top of page

How I Made It: Where I Come From (2020)

“Where I Come From” is a story of unconditional love between a young girl Mambi and her broken widowed father who is a gambling addict. Mambi (Faith Fidel) is forced into the streets and into partaking in the very lifestyle that ruined her father. Her father David (Anurin Nwuembom) has drowned himself in a pool of debt by gambling. Weighed down by the troubles of her father’s debts, she learns the tricks of the game and is able to pay off her father’s unending debts, while keeping a watchful eye on her drunkard of a neighbor Pa Dan. The thought of having a normal childhood, going to school, feels like an illusion to her. Eventually, education becomes the center of their conflict.

105 mins | English | Drama, Comedy | 2020 | Cameroon

In its persistent mission and zeal to promote good cinema, the Indian Film Institute brings you the experience of the Director of the film - Takong Delvis

Why this subject matter for your film?

Growing up as a kid, I used to marvel at all street children I passed along the way to school who never had an opportunity as I did to have mainstream education. Where I come from, each day as I walk the streets on my way to work, I see grown-up men who sit at local joints, gambling daily. That drew my attention to start thinking about their different families and this aspect drew me into the story of WHERE I COME FROM because, in a sense, it reminded me of that aspect of my past and brought fond memories of those I relate to. I wanted to show how limited the options are for the children of the ghetto, like MAMBI, who have but often one option to choose from.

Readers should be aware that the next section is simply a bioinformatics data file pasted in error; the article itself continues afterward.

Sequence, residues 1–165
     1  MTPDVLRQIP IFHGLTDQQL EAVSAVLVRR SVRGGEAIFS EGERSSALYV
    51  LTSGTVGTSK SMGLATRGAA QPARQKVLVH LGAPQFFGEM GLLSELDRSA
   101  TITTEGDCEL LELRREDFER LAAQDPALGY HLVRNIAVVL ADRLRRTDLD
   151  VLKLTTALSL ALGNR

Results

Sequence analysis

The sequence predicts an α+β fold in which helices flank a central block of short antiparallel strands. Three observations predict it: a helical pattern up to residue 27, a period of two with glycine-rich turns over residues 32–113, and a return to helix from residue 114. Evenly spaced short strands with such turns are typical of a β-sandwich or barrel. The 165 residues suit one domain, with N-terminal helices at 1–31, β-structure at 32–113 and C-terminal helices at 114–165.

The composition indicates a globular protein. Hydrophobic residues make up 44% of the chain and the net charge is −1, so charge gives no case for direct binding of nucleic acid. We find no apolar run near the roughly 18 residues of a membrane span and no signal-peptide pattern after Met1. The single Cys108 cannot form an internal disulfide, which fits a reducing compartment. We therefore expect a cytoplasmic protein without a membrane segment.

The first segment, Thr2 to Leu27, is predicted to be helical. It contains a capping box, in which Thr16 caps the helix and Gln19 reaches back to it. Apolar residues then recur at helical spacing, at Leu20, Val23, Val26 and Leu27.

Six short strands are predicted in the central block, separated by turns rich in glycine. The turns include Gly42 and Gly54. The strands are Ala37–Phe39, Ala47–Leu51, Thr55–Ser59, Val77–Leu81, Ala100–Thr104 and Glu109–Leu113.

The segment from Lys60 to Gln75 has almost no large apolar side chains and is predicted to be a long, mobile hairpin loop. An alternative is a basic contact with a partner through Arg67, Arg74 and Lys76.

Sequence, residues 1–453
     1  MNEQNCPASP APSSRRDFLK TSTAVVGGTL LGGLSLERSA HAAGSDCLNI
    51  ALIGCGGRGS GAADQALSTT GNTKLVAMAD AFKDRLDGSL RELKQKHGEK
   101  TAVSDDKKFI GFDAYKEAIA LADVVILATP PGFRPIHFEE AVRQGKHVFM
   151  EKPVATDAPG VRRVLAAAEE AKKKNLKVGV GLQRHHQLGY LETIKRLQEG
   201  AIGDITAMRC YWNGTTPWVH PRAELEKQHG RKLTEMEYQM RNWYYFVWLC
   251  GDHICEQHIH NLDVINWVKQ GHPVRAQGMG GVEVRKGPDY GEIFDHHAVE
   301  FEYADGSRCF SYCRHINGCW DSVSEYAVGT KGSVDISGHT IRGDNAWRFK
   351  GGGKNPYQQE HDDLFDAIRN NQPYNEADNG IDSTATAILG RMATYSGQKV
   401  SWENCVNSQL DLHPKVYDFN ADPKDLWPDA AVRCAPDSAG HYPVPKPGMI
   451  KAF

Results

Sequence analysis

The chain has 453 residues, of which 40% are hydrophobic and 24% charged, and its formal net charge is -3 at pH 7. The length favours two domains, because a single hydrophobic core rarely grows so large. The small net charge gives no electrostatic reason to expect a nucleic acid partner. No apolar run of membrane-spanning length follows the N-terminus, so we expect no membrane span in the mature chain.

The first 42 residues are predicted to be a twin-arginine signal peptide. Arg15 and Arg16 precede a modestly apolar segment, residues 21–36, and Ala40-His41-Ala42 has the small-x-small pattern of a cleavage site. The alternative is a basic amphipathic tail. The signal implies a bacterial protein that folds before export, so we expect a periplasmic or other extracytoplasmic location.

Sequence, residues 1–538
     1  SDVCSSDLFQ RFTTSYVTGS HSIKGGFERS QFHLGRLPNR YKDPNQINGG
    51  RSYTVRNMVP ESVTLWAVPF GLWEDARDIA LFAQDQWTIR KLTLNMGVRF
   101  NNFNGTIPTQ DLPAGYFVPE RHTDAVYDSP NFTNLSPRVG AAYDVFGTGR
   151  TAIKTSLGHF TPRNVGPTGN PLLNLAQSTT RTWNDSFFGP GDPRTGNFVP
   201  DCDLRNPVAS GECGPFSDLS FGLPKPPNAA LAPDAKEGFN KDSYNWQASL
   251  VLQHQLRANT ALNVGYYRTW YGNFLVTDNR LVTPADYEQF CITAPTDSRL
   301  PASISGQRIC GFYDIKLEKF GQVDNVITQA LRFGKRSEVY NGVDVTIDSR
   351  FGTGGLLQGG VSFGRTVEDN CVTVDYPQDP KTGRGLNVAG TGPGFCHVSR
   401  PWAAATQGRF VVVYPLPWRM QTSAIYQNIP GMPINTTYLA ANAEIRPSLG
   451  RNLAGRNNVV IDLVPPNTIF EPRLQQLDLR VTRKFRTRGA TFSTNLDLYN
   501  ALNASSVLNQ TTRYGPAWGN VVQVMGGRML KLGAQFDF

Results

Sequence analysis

Where did you find this story for this film?

The writer/producer of this film “TESSY ESEME’ and I come from the same place and we happen to share the same views and experiences on a daily basis. She wanted us to shoot a film and while we were brainstorming on what to write on, this topic came up. We started discussing and the deeper we found ourselves in it. We started writing.

What were the challenges you faced while making the film?

The major challenge was financing the film. We had a very limited budget for this film. This means I had to work with a very limited crew than I wanted. Finally I resorted to working with beginners for the project, aside from the Director of Photography TEBO NJEI who is more experienced, the rest of the crew were a group of passion-driven young boys/girls. This also meant that we had very limited time (14 days) to capture principal photography for this film and it was so challenging.

Did you face any problems in releasing the film?

For so many years our country was without cinemas. They were shut down for reasons we, the new generation can’t yet place hands on them. Recently only two cinemas are functional nationwide. That’s so difficult for us filmmakers, market-wise. So generally marketing is a great obstacle we are still battling with and due to our limited budget, we couldn’t get to do the kind of publicity and promotions we wanted for the premiere of the film. Covid-19 also is another barrier that’s seriously affecting its showcase in the few cinemas we have.

What was your background before making your first film?

I come from a cinematography/editing background. I’ve been a cinematographer, editor, and assistant director for a lot of award-winning films around the world before my debut as a film director.

How do you think filmmakers like you can overcome common challenges like finance and distribution? A lot of young filmmakers get into production without mastering the commerce side of it. I think it’s important they spend some time and research on it before they venture into production. They need to think like entrepreneurs. To raise funds for your project from companies or investors, you need a business plan that woul